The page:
8. Claim your bed.
Actually we didn't figure this out until we all arrived at the cabin, and that was just fine. So, you know, chill.

But I did want to mention that we established one bedroom as the ironing/cutting room, and kept the dogs out of there while crafting was afoot. That way we didn't have to worry about pups tracking mud over fabric or knocking over the ironing board. Which would not have been fun to worry about, let alone deal with!

9. Settle up.
I made the lodging reservations and offered people the option of sending me their share of the lodging fee via PayPal or check. (Everyone chose check, which I guess is neither here nor there, but interesting.) This did mean that I fronted the money, since the place where we stayed charged half the fee up front and the other half 2-3 weeks before our stay, and other participants reimbursed me during the trip. That wasn't a problem for my bank account, but it's something to be aware of.

People also figured out gas money among themselves, and each person was responsible for the cost of the meal that they provided. (Which I think is a useful approach, because if you're not feeling so flush you can sign up for a breakfast, or make an inexpensive dish, you know? Although I will say from experience that a simple meal of soup is, um, not so cheap once you add fancy cheese, artisan bread, and nice wine. Oh well!)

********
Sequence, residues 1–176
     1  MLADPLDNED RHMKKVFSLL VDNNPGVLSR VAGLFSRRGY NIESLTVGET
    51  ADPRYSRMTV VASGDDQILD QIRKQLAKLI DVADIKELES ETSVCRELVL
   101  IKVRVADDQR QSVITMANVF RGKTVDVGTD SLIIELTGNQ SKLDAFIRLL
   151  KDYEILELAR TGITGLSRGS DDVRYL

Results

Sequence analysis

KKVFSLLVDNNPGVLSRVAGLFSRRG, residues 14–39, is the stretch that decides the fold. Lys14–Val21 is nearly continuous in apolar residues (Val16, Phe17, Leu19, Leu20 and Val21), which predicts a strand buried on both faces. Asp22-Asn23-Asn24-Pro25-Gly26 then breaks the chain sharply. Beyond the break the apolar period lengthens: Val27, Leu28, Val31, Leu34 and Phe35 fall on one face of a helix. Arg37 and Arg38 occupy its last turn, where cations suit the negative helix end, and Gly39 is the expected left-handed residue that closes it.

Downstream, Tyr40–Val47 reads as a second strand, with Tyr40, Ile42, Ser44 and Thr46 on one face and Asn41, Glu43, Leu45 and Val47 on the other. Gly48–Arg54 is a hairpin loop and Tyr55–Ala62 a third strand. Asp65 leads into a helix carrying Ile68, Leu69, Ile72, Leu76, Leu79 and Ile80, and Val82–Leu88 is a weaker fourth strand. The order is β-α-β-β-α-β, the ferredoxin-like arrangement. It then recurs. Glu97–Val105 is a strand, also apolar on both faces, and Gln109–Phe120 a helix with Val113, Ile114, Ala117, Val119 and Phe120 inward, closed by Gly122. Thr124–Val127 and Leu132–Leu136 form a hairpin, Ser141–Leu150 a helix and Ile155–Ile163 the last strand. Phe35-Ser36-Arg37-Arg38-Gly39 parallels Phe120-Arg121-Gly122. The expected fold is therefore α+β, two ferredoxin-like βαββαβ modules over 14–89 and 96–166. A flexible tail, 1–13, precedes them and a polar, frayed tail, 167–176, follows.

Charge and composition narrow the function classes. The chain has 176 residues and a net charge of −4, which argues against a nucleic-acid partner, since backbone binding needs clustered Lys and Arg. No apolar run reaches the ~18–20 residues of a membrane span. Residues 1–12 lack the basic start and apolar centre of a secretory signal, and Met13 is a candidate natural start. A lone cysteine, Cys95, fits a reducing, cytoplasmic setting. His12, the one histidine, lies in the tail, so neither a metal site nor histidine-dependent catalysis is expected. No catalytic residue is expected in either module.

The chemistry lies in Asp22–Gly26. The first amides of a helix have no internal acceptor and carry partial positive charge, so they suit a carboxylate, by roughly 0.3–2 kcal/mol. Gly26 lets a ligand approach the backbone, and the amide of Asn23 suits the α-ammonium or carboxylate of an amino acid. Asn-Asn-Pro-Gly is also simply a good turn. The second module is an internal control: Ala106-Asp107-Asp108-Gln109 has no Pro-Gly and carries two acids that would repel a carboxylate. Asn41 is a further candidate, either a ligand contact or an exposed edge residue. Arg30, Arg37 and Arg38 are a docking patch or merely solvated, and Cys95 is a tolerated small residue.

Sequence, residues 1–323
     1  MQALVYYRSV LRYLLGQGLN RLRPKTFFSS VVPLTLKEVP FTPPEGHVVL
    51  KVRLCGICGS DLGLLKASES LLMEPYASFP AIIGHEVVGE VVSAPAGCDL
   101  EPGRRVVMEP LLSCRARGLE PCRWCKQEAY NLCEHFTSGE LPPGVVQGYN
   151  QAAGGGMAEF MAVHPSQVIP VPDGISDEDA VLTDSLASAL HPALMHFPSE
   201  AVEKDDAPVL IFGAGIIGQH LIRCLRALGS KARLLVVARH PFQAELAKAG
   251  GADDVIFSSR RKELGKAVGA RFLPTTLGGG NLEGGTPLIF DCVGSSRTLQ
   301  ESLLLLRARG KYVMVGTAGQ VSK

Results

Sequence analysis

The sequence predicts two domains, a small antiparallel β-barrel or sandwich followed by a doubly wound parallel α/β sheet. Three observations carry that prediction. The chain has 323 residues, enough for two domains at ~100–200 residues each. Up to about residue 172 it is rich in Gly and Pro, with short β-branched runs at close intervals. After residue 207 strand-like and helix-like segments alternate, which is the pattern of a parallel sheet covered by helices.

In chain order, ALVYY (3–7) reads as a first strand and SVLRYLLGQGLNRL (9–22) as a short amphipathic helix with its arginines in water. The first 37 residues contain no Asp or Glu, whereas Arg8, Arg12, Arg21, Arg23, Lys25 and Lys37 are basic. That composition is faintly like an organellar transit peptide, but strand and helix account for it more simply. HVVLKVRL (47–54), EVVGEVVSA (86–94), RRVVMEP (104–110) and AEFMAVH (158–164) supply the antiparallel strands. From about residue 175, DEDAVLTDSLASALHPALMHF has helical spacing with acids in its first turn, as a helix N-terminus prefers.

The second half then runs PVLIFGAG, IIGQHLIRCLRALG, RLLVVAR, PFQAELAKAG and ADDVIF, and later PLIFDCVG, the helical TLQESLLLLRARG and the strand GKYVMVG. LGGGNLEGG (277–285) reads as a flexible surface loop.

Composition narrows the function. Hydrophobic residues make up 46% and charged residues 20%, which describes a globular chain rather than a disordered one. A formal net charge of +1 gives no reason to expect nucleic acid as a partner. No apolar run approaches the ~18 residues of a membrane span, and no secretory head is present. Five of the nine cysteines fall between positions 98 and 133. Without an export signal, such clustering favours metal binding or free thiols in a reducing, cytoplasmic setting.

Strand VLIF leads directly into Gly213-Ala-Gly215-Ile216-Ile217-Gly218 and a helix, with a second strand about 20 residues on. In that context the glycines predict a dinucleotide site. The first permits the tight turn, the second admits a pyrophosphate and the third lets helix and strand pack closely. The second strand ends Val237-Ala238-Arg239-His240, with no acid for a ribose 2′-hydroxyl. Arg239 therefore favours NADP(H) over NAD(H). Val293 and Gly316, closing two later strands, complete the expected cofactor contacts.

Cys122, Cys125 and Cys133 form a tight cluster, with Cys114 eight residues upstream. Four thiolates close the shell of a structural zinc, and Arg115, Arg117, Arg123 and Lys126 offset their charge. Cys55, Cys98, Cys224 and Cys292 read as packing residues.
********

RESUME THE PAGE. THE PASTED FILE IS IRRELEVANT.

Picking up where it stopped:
Between lodging, gas, and food, I think the cost of the weekend was about $250 per person. (Those who brought their dogs paid a bit more, because they covered the per pup/per night fee for their dog.)

10. Do it again!
Yeah, there is totally going to be a next time.

I would go back to the place we stayed in a heartbeat, although one friend and I have talked about just convening at her house here in Seattle. Pros: way cheap (so we could do it more often), and less driving (so we could spend more time making). Cons: no hot tub. Admittedly, a tradeoff. But I think that would work just fine.

What did I miss?
Let me know if you have other questions in the comments, and I'll do my best to answer.

Tuesday, May 1, 2012

Fashion advice from a four-year-old

Bell-sleeve flowered tunic and bright blue tights?

Actually, yeah, I would totally wear that.